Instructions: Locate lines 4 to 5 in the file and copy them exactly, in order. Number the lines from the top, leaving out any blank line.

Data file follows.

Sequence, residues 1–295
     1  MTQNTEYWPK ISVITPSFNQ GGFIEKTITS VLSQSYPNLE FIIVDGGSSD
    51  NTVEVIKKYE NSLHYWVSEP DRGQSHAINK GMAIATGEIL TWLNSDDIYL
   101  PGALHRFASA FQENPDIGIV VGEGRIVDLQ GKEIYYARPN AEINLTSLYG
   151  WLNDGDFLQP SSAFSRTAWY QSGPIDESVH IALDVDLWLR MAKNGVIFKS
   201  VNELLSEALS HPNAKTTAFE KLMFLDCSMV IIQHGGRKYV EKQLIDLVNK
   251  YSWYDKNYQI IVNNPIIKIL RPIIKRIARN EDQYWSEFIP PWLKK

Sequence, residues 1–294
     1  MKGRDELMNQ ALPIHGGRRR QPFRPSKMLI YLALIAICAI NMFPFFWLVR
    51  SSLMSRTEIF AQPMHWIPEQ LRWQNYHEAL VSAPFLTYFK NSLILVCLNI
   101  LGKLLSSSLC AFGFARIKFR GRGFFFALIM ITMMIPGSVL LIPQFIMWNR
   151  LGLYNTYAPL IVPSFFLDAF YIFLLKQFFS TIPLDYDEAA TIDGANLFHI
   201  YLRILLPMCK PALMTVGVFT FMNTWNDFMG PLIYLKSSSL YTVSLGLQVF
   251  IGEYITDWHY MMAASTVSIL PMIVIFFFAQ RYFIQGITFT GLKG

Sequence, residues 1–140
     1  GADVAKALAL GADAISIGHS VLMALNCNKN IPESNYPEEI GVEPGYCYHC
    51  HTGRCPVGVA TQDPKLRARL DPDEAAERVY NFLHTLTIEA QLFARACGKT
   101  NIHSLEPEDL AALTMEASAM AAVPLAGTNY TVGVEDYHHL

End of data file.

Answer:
   101  PGALHRFASA FQENPDIGIV VGEGRIVDLQ GKEIYYARPN AEINLTSLYG
   151  WLNDGDFLQP SSAFSRTAWY QSGPIDESVH IALDVDLWLR MAKNGVIFKS